A picture say a thousand words. The design of the UXDX model has been chosen to highlight the importance of working as one autonomous team. There should be no barriers between design and development as the understanding of the customers needs to be shared by everyone. In addition it provides a visual reminder to teams of the importance of Outcome-Driven development which can protect against the natural tendency to people to revert to Feature-Driven development.
It Takes a Team
To Build a Product
The UXDX Model
33% of product features negatively impact the product
Are you validating your new features before development?
Low performing teams spend 22% more time on unnecessary rework
Are you merging and testing regularly enough?
DevOps teams have a 440x faster lead time for changes
How quickly can you get code to Production?
Building the wrong features incurs the following four costs:
- The cost of ongoing maintenance
- The opportunity cost of not building the right feature
- The potential cost of the negative effect that the feature has on the product
- The cost of development
UX - DX Handovers
Outcome Driven Development
The UXDX model promotes Outcome-Driven development instead of traditional Feature-Driven development. By expanding the DevOps loop to include the Research, Hypothesis and Design stages it forces teams to validate their assumptions about new features before building them.
Outcome-Driven development relies on the product team defining the outcomes that they expect to achieve with each feature. These outcomes are documented as hypotheses as follows:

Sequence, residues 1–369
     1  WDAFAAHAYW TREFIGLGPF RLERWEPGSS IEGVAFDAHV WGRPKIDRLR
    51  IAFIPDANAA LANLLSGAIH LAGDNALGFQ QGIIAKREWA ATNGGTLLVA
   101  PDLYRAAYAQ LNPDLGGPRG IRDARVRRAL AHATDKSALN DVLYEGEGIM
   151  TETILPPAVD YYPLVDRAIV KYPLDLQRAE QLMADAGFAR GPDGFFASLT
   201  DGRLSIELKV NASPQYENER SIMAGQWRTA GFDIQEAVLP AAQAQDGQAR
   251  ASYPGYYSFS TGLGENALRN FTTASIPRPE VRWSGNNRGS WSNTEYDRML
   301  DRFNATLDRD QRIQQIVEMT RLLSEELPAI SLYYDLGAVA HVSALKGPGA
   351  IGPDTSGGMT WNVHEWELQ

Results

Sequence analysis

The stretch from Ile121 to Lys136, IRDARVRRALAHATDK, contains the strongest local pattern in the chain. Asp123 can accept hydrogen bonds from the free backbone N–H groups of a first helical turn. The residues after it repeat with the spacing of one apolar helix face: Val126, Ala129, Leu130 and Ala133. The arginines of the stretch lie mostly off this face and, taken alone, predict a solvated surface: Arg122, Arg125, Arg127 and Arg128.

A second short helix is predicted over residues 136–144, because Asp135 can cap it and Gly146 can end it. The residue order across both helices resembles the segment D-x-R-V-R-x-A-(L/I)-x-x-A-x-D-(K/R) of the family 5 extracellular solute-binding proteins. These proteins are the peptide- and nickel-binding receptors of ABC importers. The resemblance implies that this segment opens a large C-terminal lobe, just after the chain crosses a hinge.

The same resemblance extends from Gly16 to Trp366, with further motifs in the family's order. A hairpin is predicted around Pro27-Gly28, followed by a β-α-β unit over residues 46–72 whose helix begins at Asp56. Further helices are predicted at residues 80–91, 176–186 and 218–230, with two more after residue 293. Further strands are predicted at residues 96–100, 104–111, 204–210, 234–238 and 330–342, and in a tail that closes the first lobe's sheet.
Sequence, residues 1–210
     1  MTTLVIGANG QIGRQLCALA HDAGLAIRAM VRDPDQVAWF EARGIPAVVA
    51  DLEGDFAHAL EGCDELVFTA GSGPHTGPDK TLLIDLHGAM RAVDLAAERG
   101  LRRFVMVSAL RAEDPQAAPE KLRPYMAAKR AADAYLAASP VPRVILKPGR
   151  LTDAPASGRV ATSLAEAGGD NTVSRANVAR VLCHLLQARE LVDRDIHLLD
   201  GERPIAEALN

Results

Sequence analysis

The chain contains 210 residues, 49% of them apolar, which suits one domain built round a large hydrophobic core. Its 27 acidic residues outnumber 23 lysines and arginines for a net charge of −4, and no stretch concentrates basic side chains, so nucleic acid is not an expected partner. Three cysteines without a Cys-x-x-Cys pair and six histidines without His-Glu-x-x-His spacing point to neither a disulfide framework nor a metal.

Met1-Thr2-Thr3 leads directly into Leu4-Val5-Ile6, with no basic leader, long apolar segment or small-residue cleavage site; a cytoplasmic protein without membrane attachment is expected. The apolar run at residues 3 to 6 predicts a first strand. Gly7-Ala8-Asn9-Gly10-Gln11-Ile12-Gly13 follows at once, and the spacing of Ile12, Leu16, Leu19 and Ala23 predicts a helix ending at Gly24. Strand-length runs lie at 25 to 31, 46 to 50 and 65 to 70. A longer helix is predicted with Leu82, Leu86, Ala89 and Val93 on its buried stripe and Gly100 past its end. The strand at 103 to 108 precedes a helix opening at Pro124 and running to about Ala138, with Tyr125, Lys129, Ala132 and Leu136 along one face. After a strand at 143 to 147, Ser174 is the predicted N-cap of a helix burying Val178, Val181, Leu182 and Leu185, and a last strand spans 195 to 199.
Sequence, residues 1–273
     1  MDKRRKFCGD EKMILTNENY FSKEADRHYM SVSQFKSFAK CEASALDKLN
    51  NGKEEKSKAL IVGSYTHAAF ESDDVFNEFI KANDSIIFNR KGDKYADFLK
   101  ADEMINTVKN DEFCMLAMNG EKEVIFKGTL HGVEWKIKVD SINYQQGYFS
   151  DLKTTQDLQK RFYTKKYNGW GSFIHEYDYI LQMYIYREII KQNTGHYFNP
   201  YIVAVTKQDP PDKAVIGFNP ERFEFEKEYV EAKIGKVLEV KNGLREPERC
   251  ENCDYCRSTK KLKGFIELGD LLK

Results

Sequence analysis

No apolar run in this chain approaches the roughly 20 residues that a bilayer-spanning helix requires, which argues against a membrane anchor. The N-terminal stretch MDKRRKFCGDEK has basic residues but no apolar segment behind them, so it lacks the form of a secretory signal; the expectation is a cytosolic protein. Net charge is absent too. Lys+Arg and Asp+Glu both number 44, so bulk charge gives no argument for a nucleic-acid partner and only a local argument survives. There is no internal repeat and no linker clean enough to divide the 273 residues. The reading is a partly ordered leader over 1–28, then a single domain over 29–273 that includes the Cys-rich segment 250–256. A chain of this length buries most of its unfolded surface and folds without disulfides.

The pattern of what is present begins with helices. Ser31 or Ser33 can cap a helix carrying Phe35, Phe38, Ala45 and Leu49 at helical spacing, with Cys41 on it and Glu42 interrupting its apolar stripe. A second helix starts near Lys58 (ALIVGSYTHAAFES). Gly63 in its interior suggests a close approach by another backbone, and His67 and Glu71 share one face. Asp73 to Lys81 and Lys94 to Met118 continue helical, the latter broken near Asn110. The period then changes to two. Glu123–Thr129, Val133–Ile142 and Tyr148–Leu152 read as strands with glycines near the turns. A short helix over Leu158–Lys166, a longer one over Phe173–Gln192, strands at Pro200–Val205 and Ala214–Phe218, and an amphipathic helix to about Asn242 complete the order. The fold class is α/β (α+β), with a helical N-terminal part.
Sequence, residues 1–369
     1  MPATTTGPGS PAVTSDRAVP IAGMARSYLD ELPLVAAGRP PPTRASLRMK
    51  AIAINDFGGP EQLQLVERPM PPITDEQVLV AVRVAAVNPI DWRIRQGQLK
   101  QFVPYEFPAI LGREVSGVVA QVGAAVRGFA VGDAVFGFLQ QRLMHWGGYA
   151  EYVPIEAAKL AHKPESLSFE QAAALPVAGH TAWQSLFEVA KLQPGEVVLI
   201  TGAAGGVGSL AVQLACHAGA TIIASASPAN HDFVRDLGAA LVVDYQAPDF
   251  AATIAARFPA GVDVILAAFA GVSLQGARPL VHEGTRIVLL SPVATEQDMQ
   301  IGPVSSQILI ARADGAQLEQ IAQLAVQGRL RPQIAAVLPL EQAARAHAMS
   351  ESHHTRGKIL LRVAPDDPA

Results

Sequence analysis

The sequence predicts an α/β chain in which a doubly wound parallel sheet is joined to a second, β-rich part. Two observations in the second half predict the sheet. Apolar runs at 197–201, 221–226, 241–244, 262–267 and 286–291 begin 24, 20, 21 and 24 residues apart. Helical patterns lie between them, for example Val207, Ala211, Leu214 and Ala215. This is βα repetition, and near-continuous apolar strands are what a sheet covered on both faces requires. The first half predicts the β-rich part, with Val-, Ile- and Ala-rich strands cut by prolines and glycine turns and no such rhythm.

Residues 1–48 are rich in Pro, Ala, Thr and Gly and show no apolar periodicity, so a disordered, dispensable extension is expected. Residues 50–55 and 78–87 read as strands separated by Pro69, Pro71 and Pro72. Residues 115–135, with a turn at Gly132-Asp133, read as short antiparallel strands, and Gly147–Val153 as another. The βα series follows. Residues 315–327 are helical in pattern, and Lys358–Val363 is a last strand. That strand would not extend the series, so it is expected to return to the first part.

- We believe that (feature)
- Will result in (outcome - aligned to product purpose)
- And we will prove it based on (measurable metric)
- Within (time period)
The hypothesis structure allows teams to remove their bias towards features and verify whether their assumptions about a feature hold true. The design step, while not mandatory for every feature, encourages teams to validate their assumptions without writing any code. If, after the Research or Design steps, the hypothesis doesn't hold true it forces the team to update their understanding of their customers. These course-corrections accelerate the product teams learning and enables them to build better products, faster.
Teams who haven't implemented DevOps spend 22% more time on unnecessary rework
State of DevOps, 2016
33% of features produce a statistically significant negative effect on the product
Ronny Kohavi, General Manager Experimentation, Microsoft